‘Buy a bag… go home in a box.’
Popcorn is a 1991 American horror film directed by former actor Mark Herrier (Freddy’s Nightmares) from a screenplay by Alan Ormsby (Children Shouldn’t Play with Dead Things, Deranged and Deathdream) as Todd Hackett.
Ormsby directed all three of the films-within-the-film but was replaced by Herrier a few weeks into the production. Director Bob Clark (Black Christmas; Murder by Decree) was an uncredited co-producer and the musical score was provided by Paul Zaza (Prom Night; My Bloody Valentine; Curtains).
Jill Schloelen (The Stepfather, Phantom of the Opera), Tom Villard, Dee Wallace (The Howling; Cujo), Derek Rydall, Elliott Hurst, Kelly Jo Minter, Malcolm Danare, Ray Walston, Tony Roberts (Amityville 3-D).
A group of film students plan an all-night horror film festival in order to raise funds for their cinema club. They decide to show a number of (fictional) horror films from the 1950s that rely on gimmicks such as 3-D, Odorama, and electrical “buzzers” in seats.
Unbeknownst to the group, a homicidal maniac is stalking the theater where the festival is being held. A filmmaker named Lanyard Gates, who murdered his family during a screening of his only film in the 1970s, supplies the decoy killer character, since young Maggie (Jill Schoelen) may or may not be his missing daughter…
Popcorn was released as a Special Edition Blu-ray by Synapse Films on October 3, 2017.
- All-New 2K Scan of an Archival 35mm Interpositive
- All-New Blu-ray 7.1 Surround Sound Mix Supervised by Synapse Films (Original 2.0 Stereo Mix Included)
- Audio Commentary with Director Mark Herrier, Stars Jill Schoelen, Malcolm Danare, and Special Makeup Effects Artist Mat Falls
- Midnight Madness: The Making of “Popcorn” featuring interviews with Director Mark Herrier, Stars Jill Schoelen, Derek Rydall, Dee Wallace, Malcolm Danare, Ivette Soler, and Elliott Hurst, Special Makeup Effects Artist Mat Falls, Composer Paul Zaza, and Distributor Executive Jonathan Wolf (55 minutes)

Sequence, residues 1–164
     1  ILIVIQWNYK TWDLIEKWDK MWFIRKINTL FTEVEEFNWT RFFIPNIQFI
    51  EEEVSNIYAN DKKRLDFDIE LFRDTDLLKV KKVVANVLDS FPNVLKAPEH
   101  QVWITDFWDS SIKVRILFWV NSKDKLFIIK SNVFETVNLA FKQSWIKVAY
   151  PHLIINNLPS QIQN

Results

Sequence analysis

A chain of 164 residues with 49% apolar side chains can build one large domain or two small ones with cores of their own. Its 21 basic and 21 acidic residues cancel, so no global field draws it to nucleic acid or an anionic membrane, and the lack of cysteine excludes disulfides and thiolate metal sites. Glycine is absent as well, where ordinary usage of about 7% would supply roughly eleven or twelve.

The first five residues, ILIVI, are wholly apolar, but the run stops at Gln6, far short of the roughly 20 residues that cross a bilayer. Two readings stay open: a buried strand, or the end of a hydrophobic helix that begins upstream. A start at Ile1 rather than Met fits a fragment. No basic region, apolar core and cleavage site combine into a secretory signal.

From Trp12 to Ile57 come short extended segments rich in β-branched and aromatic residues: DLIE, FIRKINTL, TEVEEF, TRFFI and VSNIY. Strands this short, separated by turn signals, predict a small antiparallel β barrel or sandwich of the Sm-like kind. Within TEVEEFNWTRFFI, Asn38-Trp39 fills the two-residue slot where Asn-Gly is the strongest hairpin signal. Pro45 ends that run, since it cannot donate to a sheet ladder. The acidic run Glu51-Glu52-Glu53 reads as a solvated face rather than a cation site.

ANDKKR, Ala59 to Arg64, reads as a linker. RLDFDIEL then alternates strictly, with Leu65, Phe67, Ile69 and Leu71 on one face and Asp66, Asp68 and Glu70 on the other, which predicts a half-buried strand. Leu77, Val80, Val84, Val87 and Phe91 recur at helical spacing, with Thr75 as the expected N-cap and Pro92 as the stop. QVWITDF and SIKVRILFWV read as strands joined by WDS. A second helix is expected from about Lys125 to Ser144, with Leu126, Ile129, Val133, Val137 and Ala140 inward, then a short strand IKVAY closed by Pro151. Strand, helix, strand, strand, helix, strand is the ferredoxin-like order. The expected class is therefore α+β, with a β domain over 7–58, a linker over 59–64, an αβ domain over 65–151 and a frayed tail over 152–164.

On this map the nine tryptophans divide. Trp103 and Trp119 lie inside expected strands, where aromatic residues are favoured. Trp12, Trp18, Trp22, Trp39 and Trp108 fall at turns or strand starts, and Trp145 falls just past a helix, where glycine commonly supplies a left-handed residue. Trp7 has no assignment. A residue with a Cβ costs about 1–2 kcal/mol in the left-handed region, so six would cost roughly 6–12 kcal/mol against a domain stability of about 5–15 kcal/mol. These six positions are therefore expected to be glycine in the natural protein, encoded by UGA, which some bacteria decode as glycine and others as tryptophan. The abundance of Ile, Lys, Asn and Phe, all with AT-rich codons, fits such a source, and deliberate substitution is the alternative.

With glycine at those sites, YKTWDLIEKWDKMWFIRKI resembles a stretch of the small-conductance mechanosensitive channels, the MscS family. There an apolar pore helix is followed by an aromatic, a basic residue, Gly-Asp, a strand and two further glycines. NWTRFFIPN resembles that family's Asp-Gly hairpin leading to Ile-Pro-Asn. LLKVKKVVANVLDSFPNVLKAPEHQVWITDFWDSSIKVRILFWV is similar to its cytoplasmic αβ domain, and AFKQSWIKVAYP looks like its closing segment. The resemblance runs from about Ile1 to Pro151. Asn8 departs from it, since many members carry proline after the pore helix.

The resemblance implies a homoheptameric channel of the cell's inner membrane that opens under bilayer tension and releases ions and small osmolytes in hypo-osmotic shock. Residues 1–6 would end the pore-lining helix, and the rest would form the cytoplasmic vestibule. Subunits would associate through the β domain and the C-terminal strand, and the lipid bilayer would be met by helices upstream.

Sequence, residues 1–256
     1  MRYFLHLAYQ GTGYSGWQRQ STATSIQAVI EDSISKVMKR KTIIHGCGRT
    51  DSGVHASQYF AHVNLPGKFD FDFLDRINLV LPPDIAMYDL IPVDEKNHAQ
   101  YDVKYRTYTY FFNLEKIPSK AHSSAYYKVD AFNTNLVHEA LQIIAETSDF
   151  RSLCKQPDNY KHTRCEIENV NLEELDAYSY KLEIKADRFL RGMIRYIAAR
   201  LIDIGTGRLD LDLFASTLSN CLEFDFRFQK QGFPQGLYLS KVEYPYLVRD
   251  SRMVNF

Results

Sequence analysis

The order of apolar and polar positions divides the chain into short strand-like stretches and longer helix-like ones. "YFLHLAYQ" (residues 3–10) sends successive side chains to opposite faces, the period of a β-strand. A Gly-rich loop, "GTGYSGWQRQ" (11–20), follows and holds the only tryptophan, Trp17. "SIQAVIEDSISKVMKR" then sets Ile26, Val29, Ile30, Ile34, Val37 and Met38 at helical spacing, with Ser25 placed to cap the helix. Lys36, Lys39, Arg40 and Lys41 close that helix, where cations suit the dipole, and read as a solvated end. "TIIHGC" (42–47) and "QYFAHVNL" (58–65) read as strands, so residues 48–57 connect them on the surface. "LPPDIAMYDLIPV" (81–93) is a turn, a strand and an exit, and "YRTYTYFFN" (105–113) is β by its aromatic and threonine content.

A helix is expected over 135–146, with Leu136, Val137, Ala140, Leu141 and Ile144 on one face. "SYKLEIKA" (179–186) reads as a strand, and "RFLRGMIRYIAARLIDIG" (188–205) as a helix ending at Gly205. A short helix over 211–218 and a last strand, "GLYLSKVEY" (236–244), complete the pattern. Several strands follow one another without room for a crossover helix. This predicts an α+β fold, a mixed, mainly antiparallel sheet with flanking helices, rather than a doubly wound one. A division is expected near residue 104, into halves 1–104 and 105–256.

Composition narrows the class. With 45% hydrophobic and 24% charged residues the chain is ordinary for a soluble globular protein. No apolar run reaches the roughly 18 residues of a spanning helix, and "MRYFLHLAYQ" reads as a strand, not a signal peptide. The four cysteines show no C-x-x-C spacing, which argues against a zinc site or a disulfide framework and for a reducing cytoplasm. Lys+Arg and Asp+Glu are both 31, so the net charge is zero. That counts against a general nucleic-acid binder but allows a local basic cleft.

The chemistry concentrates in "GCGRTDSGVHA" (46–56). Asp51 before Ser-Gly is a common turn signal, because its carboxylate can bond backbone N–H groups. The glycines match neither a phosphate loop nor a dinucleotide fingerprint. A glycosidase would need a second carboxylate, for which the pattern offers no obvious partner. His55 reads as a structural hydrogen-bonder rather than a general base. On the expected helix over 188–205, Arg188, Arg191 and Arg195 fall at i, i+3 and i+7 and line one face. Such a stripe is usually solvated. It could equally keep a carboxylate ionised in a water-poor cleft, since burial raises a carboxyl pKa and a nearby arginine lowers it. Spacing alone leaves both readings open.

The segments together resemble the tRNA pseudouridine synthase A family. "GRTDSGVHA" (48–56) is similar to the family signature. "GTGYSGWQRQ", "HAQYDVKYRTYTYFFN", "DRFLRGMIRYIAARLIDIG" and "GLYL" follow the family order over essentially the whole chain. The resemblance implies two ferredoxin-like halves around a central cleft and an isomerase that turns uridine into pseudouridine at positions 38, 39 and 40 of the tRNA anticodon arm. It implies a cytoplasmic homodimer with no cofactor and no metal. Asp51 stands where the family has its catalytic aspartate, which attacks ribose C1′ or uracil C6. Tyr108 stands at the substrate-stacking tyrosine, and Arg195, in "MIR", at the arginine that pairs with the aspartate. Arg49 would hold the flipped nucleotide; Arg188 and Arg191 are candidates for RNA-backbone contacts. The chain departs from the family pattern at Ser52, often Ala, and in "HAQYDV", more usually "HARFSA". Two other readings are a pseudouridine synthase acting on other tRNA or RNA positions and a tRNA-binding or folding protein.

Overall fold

- Electric Memories An Interview with Actor Bruce Glover
- Original Theatrical Trailer, Television Trailer and TV Spots
- Still Gallery
- English Subtitles for the Deaf and Hard of Hearing
- Blu-ray Reversible Cover Art by Chris MacGibbon
- All Region Encoded/Playable Worldwide
Reviews [click links to read more]:
“Plain and simple, Popcorn is a goofy, enjoyable romp. The film pulls no punches on what it is: an homage to horror films of yesterday and today. The movie even gives kudos to films like Indiana Jones and old ’50s movies Them! and Creature from the Black Lagoon.” Patrick Naugle, DVD Verdict
“Popcorn frequently tosses common sense out the window, with inconsistencies and plot holes abound, but who cares? It’s a wildly entertaining movie, among one of the most thoroughly fun slashers of the past twenty years. The pacing is brisk, and the kill scenes, bloodless though they may be, are suspenseful and occasionally fairly inventive.” Adam Tyner, DVD Talk
“The three fake B-movies that are shown at the theater during the horror marathon (“Mosquito”, “The Incredible Electrified Man”, and “The Stench”) are pretty entertaining, yet surprisingly authentic, send-ups of sci-fi horror of the 50s and 60s. I really liked the cursed film/snuff/cult film storyline.” Wes R., Oh, the Horror!
“There is one spooky effect involving skin masks but Popcorn is undone by flat acting. Schoelen can muster neither personality nor much of a voice — mostly she whines — while Tom Villard never summons up much energy as her mysterious fellow student Toby, who may or may not be what he seems.” Richard Harrington, The Washington Post
“First-time director Mark Herrier began his career by appearing in all three Porky’s movies, and he brings that same unsophisticated approach to this one.” Mike Mayo, Videohound’s Horror Show
“This mixture of send-up and thrills is delightful under Mark Herrier’s direction despite a skewered sense of story.” John Stanley, Creature Features
” … it’s just so damn easy to watch, which is partly due to all the stimulus: A fascination with color, fantastic practical makeup effects, sometimes bumbling but consistently interesting camera work, elaborate sound effects … over-bearing Jamaican music, and of course some satisfying, and often strange, slasher genre kills.” Carly Marie, Best Horror Movies